LOCKDOWN makes you do the strangest things. The other day, finally fed up with watching the rain hammer against the conservatory windows from leaden skies, I announced to Mrs Hextol that I was going out to the garage to chop some sticks.

“But we don’t need any sticks - we haven’t got a coal fire any more,” she quite reasonably retorted.

“I know,” I replied “But I can’t get the garage closed because of all the bits of the fence we took down back in September.

“We may not need sticks, but we have lots of neighbours and relatives who do, so we could give bags of sticks to them as presents!”

I still miss our coal fire, for one of my tasks was to light it every morning before coming to work, a process which involved a layer of screwed up Hexham Courants, another of dry sticks, and then finally a shovelful of coal.

Usually, it burst into a merry blaze straight away, but if the sticks were a little damp, and the coal sullen and uncooperative, the bleezer - a sheet of metal with a handle attached - had to be brought into play.

It was balanced on the grate, and its suction powers were then augmented by a double page spread of the Courant to coax even the most uncooperative fire to take hold.

The trouble was, when the fire got going, the bleezer also got hot,and often set fire to the centre spread, which then had to be bundled up and stuffed up the chimney.

This in turn set the chimney on fire, much to the chagrin of neighbours, whose clean washing was subsequently bedaubed with chunks of burning soot.

Perhaps I don’t miss the open fire that much after all, but after my reverie, I think

Mrs Hextol was quite pleased to see the back of me after many days cooped up together in bad weather.

However, aware of my proclivity for self inflicted damage when dealing with sharp implements, she warned be not to drip blood on her newly washed tiles when - not if - I cut myself.

Things are always a bit cramped in the garage, but I decided to set up the step ladder as a saw horse. In moving the ladder, I dislodged a ski from a beam in the garage, which struck me smartly on the head,mercifully without drawing blood.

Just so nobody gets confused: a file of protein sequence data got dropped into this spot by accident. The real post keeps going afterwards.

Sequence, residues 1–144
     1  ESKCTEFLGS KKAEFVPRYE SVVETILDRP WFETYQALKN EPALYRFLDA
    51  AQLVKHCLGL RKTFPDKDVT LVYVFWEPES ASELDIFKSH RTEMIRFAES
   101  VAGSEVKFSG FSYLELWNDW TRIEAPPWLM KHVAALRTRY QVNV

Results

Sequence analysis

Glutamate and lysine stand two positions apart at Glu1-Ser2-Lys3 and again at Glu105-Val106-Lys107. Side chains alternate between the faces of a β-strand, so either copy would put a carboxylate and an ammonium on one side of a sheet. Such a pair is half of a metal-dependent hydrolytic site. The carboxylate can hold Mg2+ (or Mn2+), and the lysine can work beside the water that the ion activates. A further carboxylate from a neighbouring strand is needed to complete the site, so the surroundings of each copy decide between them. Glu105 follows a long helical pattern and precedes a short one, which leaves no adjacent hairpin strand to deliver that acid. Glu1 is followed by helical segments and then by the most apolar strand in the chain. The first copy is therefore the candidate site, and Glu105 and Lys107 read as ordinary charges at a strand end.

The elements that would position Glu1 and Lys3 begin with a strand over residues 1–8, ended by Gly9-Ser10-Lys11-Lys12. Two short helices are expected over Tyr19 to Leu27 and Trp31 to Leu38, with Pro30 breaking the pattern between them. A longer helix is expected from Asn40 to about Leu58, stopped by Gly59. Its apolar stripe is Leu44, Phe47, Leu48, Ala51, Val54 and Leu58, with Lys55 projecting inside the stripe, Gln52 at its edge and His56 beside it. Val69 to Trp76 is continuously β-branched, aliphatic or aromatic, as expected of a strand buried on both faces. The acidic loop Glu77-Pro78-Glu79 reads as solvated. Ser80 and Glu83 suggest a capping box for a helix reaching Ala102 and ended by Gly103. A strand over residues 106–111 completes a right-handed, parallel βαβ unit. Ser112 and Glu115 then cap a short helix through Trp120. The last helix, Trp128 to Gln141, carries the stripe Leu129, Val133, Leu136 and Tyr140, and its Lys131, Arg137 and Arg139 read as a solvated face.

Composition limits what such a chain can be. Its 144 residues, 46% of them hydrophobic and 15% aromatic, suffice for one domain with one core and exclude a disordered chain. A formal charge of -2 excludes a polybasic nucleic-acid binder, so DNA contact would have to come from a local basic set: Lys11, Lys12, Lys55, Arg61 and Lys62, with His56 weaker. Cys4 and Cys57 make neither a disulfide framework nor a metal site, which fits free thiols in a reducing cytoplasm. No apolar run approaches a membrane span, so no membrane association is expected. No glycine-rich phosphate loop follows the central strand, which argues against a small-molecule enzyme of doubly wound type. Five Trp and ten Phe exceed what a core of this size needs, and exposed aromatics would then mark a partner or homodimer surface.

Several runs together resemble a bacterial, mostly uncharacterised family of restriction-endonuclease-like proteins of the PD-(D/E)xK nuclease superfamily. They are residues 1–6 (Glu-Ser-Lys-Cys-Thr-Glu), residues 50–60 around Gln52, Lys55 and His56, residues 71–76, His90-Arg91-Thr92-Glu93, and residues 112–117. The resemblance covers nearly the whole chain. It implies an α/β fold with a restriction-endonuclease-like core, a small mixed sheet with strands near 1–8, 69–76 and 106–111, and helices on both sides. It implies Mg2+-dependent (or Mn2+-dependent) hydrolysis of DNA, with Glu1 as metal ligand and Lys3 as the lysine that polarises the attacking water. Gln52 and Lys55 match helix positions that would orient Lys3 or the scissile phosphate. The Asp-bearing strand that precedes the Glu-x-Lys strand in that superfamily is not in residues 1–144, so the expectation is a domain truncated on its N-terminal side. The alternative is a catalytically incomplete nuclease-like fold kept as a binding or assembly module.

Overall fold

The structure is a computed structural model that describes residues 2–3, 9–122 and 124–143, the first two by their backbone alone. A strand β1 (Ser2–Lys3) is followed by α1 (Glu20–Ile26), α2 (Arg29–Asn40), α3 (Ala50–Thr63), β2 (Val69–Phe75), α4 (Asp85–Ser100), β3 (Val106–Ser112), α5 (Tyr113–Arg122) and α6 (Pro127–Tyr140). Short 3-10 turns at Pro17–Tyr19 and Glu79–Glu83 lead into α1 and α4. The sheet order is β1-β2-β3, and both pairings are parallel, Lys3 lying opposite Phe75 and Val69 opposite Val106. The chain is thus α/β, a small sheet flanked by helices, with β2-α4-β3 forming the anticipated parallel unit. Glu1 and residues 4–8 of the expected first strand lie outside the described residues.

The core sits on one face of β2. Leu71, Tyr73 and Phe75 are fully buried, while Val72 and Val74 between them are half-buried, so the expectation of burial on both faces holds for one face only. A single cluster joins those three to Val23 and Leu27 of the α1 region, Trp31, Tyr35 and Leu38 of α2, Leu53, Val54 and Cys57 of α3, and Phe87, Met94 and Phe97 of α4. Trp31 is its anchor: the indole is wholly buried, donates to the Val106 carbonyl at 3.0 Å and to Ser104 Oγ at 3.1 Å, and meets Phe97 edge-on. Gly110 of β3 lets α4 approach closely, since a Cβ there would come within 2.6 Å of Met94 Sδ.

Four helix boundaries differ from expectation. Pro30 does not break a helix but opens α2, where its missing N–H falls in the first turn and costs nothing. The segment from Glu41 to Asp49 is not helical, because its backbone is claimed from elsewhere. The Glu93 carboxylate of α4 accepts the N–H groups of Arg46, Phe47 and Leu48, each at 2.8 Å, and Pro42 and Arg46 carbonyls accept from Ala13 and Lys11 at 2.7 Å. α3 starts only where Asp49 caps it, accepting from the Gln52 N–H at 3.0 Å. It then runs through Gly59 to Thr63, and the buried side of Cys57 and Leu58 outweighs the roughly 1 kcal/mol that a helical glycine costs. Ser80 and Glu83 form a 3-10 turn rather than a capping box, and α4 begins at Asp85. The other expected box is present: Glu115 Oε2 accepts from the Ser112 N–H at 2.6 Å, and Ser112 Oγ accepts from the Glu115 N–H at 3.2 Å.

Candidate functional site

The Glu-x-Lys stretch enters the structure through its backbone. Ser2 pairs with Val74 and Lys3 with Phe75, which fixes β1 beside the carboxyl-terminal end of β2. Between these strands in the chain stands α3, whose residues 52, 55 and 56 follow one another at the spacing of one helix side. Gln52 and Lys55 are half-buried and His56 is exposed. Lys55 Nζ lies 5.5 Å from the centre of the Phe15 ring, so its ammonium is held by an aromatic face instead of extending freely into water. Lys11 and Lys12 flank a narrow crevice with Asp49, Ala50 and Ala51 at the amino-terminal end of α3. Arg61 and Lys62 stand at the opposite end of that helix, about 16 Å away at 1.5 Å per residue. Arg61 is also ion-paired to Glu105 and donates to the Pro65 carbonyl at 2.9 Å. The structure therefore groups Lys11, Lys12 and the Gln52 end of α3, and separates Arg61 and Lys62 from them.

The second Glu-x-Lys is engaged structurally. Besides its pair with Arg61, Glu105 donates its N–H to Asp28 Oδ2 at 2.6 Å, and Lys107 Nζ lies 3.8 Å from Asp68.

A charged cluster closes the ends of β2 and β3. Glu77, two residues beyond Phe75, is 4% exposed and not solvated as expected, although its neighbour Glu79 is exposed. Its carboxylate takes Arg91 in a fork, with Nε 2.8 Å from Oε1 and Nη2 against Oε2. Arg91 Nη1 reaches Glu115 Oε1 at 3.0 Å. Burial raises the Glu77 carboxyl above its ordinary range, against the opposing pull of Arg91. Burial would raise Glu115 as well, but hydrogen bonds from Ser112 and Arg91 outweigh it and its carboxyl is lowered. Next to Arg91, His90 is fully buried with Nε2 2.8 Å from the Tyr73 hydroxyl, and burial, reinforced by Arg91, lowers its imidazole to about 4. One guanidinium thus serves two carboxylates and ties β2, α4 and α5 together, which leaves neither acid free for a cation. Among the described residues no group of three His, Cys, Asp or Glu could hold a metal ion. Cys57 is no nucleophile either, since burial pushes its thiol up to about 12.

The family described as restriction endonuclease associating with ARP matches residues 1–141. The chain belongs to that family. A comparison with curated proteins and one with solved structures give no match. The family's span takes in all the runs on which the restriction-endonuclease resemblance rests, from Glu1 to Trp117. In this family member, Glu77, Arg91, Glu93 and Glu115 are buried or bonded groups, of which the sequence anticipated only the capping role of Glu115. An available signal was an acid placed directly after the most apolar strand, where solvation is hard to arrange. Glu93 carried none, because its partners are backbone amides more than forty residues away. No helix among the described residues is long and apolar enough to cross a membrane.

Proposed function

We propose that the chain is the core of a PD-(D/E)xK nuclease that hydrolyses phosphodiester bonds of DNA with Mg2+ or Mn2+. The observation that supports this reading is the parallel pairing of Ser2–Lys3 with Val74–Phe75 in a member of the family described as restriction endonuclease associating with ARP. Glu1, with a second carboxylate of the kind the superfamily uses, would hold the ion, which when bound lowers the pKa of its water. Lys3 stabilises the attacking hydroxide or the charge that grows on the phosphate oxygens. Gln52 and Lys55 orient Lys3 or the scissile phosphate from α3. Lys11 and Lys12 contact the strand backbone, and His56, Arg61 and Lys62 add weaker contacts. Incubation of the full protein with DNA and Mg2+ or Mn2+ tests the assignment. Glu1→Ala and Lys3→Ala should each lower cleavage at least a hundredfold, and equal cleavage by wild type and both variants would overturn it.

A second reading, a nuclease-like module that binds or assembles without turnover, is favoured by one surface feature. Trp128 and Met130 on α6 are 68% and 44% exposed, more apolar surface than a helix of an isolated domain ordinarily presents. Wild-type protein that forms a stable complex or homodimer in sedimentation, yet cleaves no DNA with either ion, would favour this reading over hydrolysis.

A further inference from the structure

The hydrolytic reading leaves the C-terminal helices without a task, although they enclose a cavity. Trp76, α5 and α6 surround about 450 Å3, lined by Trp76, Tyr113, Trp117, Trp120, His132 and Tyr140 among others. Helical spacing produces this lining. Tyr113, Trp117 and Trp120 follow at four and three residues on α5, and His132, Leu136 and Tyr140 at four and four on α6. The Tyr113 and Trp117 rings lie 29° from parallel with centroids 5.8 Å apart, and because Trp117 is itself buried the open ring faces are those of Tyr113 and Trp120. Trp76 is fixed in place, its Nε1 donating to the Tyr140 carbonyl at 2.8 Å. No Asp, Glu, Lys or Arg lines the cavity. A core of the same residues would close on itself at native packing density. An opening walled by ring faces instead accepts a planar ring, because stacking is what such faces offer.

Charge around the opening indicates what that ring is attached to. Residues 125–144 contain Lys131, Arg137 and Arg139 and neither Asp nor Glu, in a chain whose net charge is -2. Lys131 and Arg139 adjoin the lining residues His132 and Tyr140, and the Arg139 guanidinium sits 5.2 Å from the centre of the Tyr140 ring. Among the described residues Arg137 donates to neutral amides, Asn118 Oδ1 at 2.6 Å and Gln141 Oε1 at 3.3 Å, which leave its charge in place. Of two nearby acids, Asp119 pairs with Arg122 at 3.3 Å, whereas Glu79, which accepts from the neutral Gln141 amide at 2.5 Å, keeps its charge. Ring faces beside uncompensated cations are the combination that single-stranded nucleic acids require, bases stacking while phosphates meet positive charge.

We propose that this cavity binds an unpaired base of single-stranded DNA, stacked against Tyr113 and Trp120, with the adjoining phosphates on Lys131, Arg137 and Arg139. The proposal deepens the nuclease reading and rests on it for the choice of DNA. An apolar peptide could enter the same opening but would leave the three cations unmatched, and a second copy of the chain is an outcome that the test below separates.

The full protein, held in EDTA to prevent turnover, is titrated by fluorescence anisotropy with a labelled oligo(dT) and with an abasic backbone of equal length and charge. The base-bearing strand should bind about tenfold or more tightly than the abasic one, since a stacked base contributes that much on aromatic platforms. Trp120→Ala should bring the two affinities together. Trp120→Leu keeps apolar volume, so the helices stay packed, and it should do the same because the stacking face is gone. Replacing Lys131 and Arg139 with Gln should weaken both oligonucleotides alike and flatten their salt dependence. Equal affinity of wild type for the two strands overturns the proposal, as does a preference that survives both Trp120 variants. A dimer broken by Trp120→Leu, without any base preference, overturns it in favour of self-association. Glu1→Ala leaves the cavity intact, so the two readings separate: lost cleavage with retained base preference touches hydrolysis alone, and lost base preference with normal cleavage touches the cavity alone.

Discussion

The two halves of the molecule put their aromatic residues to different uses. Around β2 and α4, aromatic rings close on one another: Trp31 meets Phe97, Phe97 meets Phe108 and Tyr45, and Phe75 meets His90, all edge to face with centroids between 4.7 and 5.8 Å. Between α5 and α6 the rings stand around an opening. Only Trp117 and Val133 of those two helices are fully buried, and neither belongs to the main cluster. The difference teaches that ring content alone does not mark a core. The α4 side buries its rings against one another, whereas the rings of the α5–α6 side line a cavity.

I lined up a dozen 12 foot fencing rails, and was almost overcome by the reek of the creosote they had been steeped in some 30 years before, so thought it best to leave them for a little while, and pick on something a little shorter and easier to handle.

In amongst the vast hoard of timber, I found a stack of around a dozen planks, each about three feet long, and decided they would be just the job.

Finding my favourite bush saw hanging from a beam, and dusting off the chopping axe we have had for the 50 years of out marriage, I set to with a will, and soon had a towering stack of six inch mini-planks to take the axe to.

Chopping sticks is not an exact science, and while some planks could be cut into identical lengths as easily as chopping a cucumber, other knot-ridden specimens were a different proposition, remaining impervious to brute strength and violence.

Despite all the difficulties, I had soon accumulated two and a half rubble sacks of beautifully symmetrical firewood, with only two or three mini planks to split.

I brought the axe down on the penultimate one, and misjudged it ever so slightly, taking a sizeable chunk out of my left index finger which was holding the plank.

Blood spurted, and even pooled a little on the floor, but I managed to get the rest of the sticks into now gory bags before dripping my way back into the house to get my wound tended to.

I had my finger swaddled in an old tee-shirt when I peeped round the door, but as she always does, Mrs Hextol knew there was something amiss, and asked: “Does it need stitches?”

I ventured that I wasn’t sure, but I ran it under the tap to discover that I had sliced off a flap of skin the size of a sixpence.

Mrs Hextol has undergone no medical training, but having patched up the cuts and bruises of four sons, an accident prone husband, and numerous other unfortunates, she knows her way round a first aid kit

Mrs Hextol ruled stitching was not required, and reattached the flap of finger with an Elastoplast.

I later discovered she had set aside the wood I chopped up to make flower troughs, so I may need further treatment soon!